Definition of clergy in US English:

clergy

nounPlural clergies

  • usually treated as plural The body of all people ordained for religious duties, especially in the Christian Church.

    ‘all marriages were to be solemnized by the clergy’
    • ‘Invariably, he would publicly upbraid those members of the clergy he deemed to be unconverted.’
    • ‘Other groups such as the Gardai and the clergy have much shakier grounds for complaint.’
    • ‘Their wealth and close links with the clergy gives them enormous political power.’
    • ‘They will be processed in the ordinary way, first of all through the local clergy.’
    • ‘The clergy existed to minister to the faithful, and had no other justification.’
    • ‘He wondered what any of his teachers would do if he had done that to a member of the clergy.’
    • ‘He helped to draft a new catechism of the church to instruct parish clergy.’
    • ‘He is one of the few clergy who knows everyone who lives in his parish.’
    • ‘The mandate was eventually extended to teachers, social workers, and clergy in many states.’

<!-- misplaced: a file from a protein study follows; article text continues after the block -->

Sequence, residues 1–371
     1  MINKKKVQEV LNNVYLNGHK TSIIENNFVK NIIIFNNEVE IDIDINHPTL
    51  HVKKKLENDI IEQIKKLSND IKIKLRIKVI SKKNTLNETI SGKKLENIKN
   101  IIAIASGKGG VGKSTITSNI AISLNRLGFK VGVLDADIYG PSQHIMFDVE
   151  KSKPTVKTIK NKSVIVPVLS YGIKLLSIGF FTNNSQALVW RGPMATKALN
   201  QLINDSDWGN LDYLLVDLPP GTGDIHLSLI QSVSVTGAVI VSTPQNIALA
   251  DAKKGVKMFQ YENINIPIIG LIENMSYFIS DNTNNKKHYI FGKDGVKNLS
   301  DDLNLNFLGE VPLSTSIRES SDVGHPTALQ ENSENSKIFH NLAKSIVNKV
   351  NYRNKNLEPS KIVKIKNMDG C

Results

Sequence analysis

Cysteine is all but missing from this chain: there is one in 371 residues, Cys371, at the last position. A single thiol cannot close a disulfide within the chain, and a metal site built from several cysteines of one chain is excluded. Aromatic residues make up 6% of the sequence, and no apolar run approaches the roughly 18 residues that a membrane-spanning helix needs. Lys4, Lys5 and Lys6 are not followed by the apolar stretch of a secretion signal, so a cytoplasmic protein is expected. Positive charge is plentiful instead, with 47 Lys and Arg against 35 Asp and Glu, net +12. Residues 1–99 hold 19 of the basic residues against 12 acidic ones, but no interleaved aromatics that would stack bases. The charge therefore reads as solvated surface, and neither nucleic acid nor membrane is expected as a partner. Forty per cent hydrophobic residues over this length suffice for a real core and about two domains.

• ‘Buddhist monks, Church of England clergy and crematorium staff all came under the spotlight.’
    • ‘This decline in the institution of the papacy made many members of the clergy impatient for reform.’
    • ‘The pope is the bishop of Rome and was once elected by the clergy and laity of the city.’
    • ‘Lay readers and retired clergy have conducted services in the vicar's absence.’
    • ‘Among the issues due to be discussed were the first set of guidelines for the conduct of Church of England clergy.’
    • ‘The colleges provide sheltered housing for clergy widows and retired clergy.’
    • ‘Sweden was free of religious dissent and the clergy constituted a further arm of central government.’
    • ‘Vested interests and the clergy of both the communities made matters worse, he says.’
    • ‘The churches knew about the behaviour of some of their clergy and other workers.’
    • ‘He faced tremendous ignorance among the clergy and hostility towards the Reformation.’
    • ‘Only the Church of England clergy have a constitutional right to sit in the Lords.’
    clergymen, clergywomen, churchmen, churchwomen, clerics, priests, ecclesiastics, men of god, women of god, men of the cloth, women of the cloth
    View synonyms

Origin

Middle English: from Old French, based on ecclesiastical Latin clericus ‘clergyman’ (see cleric).

Pronunciation

clergy

/ˈklərjē//ˈklərdʒi/